Dark Fiber Africa talks about 5G opportunities

Thinus Mulder, CEO of DFA.

The fiber densification needed for 5G is great news for infrastructure players like Dark Fibre Africa (DFA), which are already preparing and testing for the business boom 5G is likely to bring.

“They say that when the 5G arrives, your fiber densification will increase by a factor of 5 to 10;  therefore, for each base station you see today, there will be 8 to 10 base stations. This will require fiber, so we Will dig on the street for a while,” DFA CEO Thinus Mulder told ITWeb in an interview.

“We have built a return trip for the 5G company that is currently being launched, so this is great for us. Mobile operators, they have done a lot of homework, but it seems they are waiting for the standard to be completed by the end of the year. From 2024/2025 we From a point of view, we only focus on the main work. Of course, people like Comsol or Rain will now launch some, but I think mobile operators will start later,” he said.

5G represents the next development in wireless networks, with potential speeds hundreds of times faster than consumer 4G networks, and latency is very low. It is also expected to greatly improve the performance of wireless broadband services.

Data network operator Rain announced in February that it has launched its first 5G commercial network in South Australia and plans to launch commercial services in mid-2019.

Comsol Networks also plans to conduct commercial 5G trials this year, dedicated to commercial deployments nationwide in 2020. The team piloted an on-site 5G trial network on Vilakazi Street in Soweto in May 2018, and DFA conducted a return trip for a successful three-month project.

While SA’s top mobile operators are testing their 5G capabilities, none of them have a serious roadmap or release deadline.

“For [Rain and Comsol], this is different because it is new revenue, so if they spend capital expenditures, this is their new income, but for ordinary mobile operators, if they can’t Instead of spending more money to retain income, it will become harder. Just like you have copper wire and you have to replace it with fiber optics, it is expensive and you don’t get extra income, you just need to expand you Existing, so this is a challenge,” Mulder explained.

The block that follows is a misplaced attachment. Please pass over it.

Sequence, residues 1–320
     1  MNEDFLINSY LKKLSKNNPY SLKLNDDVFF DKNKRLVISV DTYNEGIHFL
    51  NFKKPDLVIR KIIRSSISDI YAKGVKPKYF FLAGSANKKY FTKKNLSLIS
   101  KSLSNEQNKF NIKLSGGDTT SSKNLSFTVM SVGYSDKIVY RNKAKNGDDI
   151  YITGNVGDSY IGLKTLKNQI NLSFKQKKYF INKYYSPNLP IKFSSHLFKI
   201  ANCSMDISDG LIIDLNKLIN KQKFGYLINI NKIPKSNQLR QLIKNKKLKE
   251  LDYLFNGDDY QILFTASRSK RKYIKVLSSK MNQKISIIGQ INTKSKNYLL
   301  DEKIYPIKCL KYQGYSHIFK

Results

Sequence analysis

Lack of spectrum is still a problem for 5G deployments. While most SA telecommunications companies must wait until 2020 to allow the government to allocate 5G spectrum, players like Comsol and Rain already have spectrums for the 28GHz and 3.6GHz spectrum, which gives them a head start.

The goal of the first batch of local 5G adopters is to use 5G’s “fiber-like” speed fixed wireless Internet service, which some belief may be a competition for Internet service providers (ISPs) that provide fiber connectivity.

“If I talk to our technicians, they don’t think there’s any competition for fiber, because the physical properties of the spectrum, it can only go so far. When these new players start rolling out their networks, it’s great at first because it doesn’t Controversy. Because if you are the only mobile user, then you have a good signal, but if it has 20,000 users on it then it becomes a problem,” Mulder said.

“That’s why mobile operators want the fiber to be as close as possible to the base station. So the only mobile part of your phone or your text is the one from there to the other side. The rest is fiber.”

Mulder believes that 5G will complement fiber. “It may give you a deeper range, but you still need fiber to the last tower. If you really want to have rich data at home, if you want to watch 4K TV or use enhanced or virtual reality or games, you need fiber Because it is more stable. I think it is definitely complementary, but I don’t think it will compete.